Adobe Photoshop has come a long way since it was originally released in 1990. While Adobe has put out their latest “monthly subscription” suite of Creative Cloud, many designers choose to stick with the last iteration of CS6.
The CS6 pack is still incredibly powerful and there's not much of a difference from CS6 to CC. However, going back in time there is a tremendous difference between CS6 and CS2 or CS3. So it's worth getting up to speed with all the new tools and techniques for the CS6/CC collection.
This how-to guide will focus on how to manipulate shapes in Photoshop CS6. The options bar has some new tools and there are brand new techniques for creating shapes at manual width/height values. If you're using either CS6 or CC then these tips will dramatically improve your workflow.
Creating Shapes Quickly
First is the creation of new shapes in Photoshop CS6. In older versions you would need to grab a shape tool and drag out the shape you want. This wouldn't always guarantee a perfect size but you could set the size manually in the shape options bar.
In older versions of Photoshop this would be in a different location on the options bar. But now in CS6 it's even easier because you can grab any shape tool and just click on the document.
This will open a shape creation window asking for the new shape's width and height. Now you can simply create a shape by single-clicking anywhere in a document and choosing the dimensions manually.
This will also work for ellipses and even custom shapes as well. Pretty neat huh?
Manual Shape Resizing
Now let's go back to the square we just created. I used the default size 100×100 but now I'm realizing this might be too small. So with the rectangle tool selected move back up to the options bar and find the same width/height boxes from earlier.
With the shape layer selected these width/height values are prefilled with the shape's values. This means you can resize a vector shape by editing manual width/height values with no quality loss.
I'll simply adjust the width to be 450px and the height to 200px. The shape will change from a square to a rectangle but still keep the hard edges. In previous versions of Photoshop this would have required a free transform or drawing a completely new shape.
Similarly I want to change the shape's color from solid black(#000) to a somewhat darker grey(#333). You can do this by double-clicking the shape layer icon in the layer's palette.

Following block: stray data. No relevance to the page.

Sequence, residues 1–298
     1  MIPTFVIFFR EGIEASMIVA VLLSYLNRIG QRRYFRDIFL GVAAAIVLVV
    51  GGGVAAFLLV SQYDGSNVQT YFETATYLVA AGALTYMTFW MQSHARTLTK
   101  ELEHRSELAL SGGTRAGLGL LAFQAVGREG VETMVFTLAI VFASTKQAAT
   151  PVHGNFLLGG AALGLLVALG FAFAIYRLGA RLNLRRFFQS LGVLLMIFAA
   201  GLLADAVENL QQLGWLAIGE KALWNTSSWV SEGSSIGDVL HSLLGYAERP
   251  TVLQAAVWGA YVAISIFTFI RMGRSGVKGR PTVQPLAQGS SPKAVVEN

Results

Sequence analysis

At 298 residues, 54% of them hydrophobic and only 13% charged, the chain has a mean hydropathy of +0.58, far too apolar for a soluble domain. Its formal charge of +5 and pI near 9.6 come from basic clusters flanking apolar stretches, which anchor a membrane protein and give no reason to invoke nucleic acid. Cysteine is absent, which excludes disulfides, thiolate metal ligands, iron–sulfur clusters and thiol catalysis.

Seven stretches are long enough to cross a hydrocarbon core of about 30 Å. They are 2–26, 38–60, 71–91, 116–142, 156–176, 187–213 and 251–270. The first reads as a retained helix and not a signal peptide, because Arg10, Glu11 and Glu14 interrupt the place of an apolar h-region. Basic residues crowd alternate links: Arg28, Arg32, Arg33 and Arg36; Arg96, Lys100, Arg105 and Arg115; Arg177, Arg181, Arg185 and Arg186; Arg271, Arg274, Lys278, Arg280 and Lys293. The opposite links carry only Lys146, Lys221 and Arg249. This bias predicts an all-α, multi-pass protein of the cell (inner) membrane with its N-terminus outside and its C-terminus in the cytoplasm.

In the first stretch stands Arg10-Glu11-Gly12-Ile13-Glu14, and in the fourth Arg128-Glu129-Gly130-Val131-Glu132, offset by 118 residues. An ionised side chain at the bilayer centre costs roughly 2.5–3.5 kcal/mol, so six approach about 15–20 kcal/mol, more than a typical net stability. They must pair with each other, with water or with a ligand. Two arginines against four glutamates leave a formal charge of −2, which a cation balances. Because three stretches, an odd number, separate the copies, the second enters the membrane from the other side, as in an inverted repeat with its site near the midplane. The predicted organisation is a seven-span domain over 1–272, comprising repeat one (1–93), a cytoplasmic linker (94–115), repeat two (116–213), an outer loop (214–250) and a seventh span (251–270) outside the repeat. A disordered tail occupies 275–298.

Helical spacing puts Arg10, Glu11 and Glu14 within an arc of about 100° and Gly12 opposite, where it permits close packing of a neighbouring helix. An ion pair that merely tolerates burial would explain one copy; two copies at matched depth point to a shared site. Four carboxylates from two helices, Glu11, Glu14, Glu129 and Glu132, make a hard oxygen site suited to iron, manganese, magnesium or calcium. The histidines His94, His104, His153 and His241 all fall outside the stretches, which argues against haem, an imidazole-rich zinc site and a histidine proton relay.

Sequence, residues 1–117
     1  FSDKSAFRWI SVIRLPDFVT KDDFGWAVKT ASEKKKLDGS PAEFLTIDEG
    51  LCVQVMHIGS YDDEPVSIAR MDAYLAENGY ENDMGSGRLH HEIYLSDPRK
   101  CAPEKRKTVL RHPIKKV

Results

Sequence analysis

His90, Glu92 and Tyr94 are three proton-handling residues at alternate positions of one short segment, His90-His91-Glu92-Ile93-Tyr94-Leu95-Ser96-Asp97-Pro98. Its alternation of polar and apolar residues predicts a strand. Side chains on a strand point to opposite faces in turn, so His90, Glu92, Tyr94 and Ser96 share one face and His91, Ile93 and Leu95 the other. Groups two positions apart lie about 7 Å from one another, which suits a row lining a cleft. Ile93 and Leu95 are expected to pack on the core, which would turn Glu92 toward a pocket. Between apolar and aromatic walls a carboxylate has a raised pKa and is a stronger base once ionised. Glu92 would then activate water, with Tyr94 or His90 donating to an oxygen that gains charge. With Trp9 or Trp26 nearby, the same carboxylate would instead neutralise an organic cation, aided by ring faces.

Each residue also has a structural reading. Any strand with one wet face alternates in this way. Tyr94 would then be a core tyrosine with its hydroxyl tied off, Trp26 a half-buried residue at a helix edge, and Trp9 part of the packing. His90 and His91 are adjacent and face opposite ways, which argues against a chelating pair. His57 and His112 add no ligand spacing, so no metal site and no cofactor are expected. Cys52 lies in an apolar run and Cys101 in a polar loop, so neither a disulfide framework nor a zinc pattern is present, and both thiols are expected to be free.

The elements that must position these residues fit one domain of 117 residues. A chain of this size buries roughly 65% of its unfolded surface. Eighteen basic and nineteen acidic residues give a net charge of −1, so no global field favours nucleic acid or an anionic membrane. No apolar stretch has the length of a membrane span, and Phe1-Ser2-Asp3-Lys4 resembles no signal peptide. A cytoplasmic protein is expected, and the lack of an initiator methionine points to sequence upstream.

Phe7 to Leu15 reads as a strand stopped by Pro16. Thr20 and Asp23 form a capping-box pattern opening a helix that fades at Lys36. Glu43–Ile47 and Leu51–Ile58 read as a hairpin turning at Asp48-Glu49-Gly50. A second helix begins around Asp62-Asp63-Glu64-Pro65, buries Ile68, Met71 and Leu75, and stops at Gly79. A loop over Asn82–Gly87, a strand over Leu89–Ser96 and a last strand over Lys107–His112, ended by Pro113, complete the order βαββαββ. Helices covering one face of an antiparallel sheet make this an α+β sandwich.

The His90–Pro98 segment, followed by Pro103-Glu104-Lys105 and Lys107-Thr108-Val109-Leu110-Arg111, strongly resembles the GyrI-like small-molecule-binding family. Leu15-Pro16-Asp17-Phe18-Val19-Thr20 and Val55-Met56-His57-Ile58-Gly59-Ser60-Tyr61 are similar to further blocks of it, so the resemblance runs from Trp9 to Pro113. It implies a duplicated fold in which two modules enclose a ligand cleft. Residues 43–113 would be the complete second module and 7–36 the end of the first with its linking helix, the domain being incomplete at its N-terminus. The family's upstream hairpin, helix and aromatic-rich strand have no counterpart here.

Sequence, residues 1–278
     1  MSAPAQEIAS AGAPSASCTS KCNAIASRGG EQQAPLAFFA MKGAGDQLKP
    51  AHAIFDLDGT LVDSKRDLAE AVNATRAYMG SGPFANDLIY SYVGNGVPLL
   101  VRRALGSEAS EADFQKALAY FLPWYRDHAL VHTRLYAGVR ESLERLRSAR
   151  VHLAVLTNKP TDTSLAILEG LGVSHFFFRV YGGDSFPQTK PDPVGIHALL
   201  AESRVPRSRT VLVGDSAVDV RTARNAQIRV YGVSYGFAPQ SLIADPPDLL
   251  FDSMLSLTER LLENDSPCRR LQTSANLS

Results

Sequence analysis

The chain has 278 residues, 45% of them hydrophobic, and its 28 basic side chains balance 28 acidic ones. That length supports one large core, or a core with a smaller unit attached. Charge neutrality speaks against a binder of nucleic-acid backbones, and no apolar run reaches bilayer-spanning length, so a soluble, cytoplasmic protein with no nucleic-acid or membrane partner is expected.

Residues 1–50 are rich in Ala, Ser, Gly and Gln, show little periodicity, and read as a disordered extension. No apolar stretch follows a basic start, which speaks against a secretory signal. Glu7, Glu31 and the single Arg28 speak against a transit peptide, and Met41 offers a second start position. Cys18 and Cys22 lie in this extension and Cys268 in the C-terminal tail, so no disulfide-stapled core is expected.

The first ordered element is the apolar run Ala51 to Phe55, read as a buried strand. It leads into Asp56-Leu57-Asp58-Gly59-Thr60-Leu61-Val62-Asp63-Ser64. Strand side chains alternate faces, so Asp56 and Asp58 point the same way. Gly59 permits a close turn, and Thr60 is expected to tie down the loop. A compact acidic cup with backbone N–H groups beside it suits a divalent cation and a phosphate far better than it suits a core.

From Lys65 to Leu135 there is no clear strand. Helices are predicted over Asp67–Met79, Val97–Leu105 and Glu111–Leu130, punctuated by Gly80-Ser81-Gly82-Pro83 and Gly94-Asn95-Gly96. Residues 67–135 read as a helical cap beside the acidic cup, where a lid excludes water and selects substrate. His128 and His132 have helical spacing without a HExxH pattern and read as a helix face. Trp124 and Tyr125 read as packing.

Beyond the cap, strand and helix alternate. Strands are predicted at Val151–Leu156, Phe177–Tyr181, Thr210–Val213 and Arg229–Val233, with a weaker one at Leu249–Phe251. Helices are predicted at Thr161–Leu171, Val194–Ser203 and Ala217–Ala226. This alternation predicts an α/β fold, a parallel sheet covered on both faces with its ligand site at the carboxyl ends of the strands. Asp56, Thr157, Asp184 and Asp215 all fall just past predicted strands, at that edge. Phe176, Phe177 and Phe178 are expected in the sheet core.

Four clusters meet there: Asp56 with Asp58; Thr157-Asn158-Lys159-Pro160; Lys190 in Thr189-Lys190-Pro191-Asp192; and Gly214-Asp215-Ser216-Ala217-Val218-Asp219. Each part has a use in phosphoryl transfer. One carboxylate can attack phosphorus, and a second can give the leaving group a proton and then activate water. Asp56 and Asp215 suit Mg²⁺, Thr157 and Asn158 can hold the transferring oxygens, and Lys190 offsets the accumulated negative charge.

This will open up a color selection box where you can move around and choose the perfect color for the shape. In CS6 it's so much easier to directly manipulate shape properties and dimensions without affecting the shape's quality.
Editing Shape Paths
Once a shape has been drawn it's possible to edit the shape's original path without editing the shape itself. This allows designers to create a generic shape template and change little angles or proportions as needed.
With the rectangle shape layer selected click on the Paths palette located in the same window.
Now simply click+drag the “Rectangle 1 Shape Path” down to the little sticky note icon. When you release the path layer it should duplicate, creating a new path which you can edit free from the rectangle shape.
By using the Direct Selection tool we can move the path's corners or even add new anchor points using the Path tool. Since we're editing a new path layer it will not have an effect on the original rectangle.
So try your hand at messing around with the shape by moving anchor points or adding new points. You can also add bezier handles onto an anchor point by ALT+clicking and dragging. The bezier handles are used to create smooth curves instead of hard edges.
Create New Shape from a Path
Now let's conclude this guide with a quick & easy way to convert a path into another shape. I'll be creating a shape from the path which I customized in the last section.
With this new path layer selected(mine is named “Path 1”) go up to the menu bar and select Layer > New Fill Layer > Solid Color.
This will bring up a new dialog box with a series of options. You can give the new layer a name along with a blending mode or opacity. Then you'll be asked to choose a fill color for the shape.
Follow through both of these menus and the end result should be a brand new shape layer created from this customized path object. And now you can manipulate this shape the same way you would an ellipse or rectangle.
The new shape size, color, or even layer effects can be dynamically manipulated with ease. Photoshop CS6 has so many additional features in regards to shape manipulation that it is without a doubt the best choice for any vector styling or UI mockup design work.